Does Knowing Your Learning Style Help You Learn Better? Science says no

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Do you see yourself as a visual learner or a verbal learner? Maybe you are neither and instead you absorb information better by reading texts and taking notes on what you have understood. Whatever mode of teaching you prefer, you are likely relying on techniques suited to your individual learning style.

Though there is over 70 different learning style frameworks, the most important is the VARK model. Introduced by Neil Fleming in 1987, it classifies learners into four main types: visual, auditory, reading and writing, and kinesthetic.

On the surface, it makes sense that providing information tailored to an individual’s preferred method improves learning outcomes. However, the concept of learning styles is one of the neuromyths, or misconceptions about how the brain works, in education. In reality, they may have little or no real influence on learning and their practical application has yet to be demonstrated.

Lack of evidence

There are no scientific proof supporting the idea that people have different learning styles. At least not at all susceptible to action to improve education, says David Kraemer, associate professor of psychological and brain sciences at Dartmouth College in New Hampshire.

Of course, some people are better at some things than they are at others; this may be related to differences in the ability to process various types of information. However, learning styles are often seen as a superior way for people to understand content – and studies do not support the prediction that leaning into them will help learners remember material better, says Daniel Willingham, cognitive psychologist and professor of psychology at the University. from Virginia.

Studies show that designing the mode of instruction to take into account individual preferences does not necessarily improve learning outcomes. Presenting visual and verbal learners with their choice of learning aid has no significant impact, according to a series of experiments 2006 study Posted in Learning and individual differences. And one Literature review 2009 in Psychological science in the public interest also concluded that there is insufficient basis to endorse the inclusion of learning styles in general education practices.

“Isn’t the main goal of education to train students to improve their weak points, and not just to play on their strong points? Kramer said. “So even if there was some evidence to support these theories, I don’t know how they would be implemented by teachers. “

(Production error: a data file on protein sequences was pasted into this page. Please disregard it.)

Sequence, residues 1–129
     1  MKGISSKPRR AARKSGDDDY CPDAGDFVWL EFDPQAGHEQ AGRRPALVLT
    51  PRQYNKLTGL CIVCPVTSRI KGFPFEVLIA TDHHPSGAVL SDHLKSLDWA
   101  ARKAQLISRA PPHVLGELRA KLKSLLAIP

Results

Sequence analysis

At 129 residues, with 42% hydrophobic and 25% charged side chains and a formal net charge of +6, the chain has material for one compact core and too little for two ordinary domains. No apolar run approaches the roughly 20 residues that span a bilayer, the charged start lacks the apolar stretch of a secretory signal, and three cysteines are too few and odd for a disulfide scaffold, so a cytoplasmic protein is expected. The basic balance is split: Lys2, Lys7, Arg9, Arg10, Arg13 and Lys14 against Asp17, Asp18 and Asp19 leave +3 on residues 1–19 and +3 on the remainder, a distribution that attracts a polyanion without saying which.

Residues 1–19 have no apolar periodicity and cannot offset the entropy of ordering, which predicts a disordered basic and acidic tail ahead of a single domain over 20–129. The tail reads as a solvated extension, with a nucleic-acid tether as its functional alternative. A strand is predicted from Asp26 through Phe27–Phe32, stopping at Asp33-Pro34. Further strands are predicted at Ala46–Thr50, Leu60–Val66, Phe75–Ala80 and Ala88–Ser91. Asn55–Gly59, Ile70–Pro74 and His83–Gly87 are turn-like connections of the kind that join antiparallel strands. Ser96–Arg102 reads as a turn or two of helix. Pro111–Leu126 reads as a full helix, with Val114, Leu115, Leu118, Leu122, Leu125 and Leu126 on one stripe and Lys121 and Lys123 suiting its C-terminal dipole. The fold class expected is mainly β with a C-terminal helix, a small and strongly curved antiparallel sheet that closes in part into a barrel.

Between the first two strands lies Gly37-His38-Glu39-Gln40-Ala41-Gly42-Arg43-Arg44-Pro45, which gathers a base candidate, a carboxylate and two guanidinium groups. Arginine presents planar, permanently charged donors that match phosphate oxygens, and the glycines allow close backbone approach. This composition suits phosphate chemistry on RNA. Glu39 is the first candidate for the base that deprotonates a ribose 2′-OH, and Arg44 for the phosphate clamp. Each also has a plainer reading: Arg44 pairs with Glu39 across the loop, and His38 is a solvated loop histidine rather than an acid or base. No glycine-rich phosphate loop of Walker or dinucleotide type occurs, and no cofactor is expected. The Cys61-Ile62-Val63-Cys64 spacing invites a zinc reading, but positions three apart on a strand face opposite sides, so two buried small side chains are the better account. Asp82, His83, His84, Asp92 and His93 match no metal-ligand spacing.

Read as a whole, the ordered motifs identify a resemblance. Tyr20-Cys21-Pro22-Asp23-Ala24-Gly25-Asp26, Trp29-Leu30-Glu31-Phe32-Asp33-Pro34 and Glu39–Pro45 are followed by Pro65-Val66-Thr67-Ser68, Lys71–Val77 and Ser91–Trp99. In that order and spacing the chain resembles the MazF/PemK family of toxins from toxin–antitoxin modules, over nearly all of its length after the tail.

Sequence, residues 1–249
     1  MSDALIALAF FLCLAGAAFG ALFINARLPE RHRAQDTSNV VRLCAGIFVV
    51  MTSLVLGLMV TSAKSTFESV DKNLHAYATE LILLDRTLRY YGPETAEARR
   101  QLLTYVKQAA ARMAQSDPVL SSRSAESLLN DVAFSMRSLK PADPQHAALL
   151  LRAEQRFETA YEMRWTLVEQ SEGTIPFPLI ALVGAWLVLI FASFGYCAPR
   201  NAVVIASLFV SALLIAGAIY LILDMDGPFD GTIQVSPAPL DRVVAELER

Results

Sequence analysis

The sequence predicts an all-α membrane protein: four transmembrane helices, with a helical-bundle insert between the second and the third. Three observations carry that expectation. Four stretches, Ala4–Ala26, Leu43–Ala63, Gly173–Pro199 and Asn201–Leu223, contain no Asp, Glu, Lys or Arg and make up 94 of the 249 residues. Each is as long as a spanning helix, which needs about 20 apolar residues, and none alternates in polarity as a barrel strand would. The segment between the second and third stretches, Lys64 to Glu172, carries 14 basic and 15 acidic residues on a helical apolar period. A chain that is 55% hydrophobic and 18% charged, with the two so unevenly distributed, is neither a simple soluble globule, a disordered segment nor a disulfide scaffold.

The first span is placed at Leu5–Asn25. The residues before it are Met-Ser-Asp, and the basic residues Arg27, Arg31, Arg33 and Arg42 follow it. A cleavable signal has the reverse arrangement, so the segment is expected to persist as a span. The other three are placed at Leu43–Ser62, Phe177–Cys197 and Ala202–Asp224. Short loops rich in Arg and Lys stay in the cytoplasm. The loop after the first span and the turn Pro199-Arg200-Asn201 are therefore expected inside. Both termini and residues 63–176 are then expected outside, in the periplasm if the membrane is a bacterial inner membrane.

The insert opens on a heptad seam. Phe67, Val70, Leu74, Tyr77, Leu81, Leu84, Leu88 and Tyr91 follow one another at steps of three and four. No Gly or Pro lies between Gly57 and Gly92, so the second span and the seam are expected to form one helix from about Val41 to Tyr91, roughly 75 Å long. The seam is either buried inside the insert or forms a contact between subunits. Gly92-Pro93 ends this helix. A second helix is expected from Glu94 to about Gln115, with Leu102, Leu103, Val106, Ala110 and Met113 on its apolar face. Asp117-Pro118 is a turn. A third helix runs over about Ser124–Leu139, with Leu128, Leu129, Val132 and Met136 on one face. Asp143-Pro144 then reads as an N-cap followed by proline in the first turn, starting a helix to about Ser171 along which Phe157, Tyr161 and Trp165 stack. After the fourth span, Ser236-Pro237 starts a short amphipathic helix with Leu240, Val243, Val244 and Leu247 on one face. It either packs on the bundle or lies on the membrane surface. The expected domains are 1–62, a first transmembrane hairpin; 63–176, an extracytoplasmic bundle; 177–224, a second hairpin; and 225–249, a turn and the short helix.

Although the intention is to help students, untested learning strategies may ultimately demotivate to pursue other interests. Being locked into a dominant learning style can limit learners and deter them from making efforts to absorb information that is not provided through the method of their choice.

“We don’t know how often teachers try to use learning style theories in classrooms,” Willingham says. ” We know that a large number of states ask teachers to learn these theories to get a license. There are also scenarios where educators Carry on apply the concept of learning styles despite the fact that they have not been shown to work.

Due to the lack of support for learning styles, Willingham recommends using learning and thinking theories that are actually well supported and have classroom applications.

How to improve learning outcomes

Shifting students’ attention to the subject being taught may be a better educational strategy, as teaching methods vary across fields and subjects.

“We know – it’s pretty obvious, when you think about it – that there can be a good or bad fit to the material you’re trying to learn and the kind of processing that’s supposed to go with a particular style,” Willingham said. . “Imagine someone who thinks they are a visual learner and insists on a visual representation of a French accent when learning the language? Or an auditory learner asking for an auditory version of a map of Asia in a geography class? “

Determining the most effective ways to present information that will work for most students is crucial for optimal learning. For example, lessons in magnetism can be best taught using visual and kinesthetic methods, while teaching a meter course in poetry often requires aural and visual techniques. Like Willingham points out, focusing on the best way to teach a subject, rather than adapting to the learning style perceived by each student, can be more beneficial.

Indeed, presenting the same ideas in different formats is ideal because “repetition is often the key to understanding and long-term retention of knowledge. Presenting information in different ways increases the likelihood that one of it will stay true, ”says Kraemer.

Using more evidence-based educational strategies is also a better use of student time, he adds, such as those that employ the concept of desirable difficulties. The concept is to introduce difficulty into a task in order to generate more cognitive effort, which ultimately leads to better understanding and long-term understanding. retention of information. According to Kraemer, formative assessment practices presenting desirable difficulties include low stakes quiz, study with flashcards rather than rereading chapters in textbooks and space out study sessions over several days. These are all well validated and have a significant body of evidence to support their effectiveness.

“Basically, it’s no surprise that more practice studying a particular subject will lead to better learning, just as more time on any task will improve performance on that task,” he explains. “But given the limited time and effort to devote to the study, these study strategies will prove to be the most useful.”

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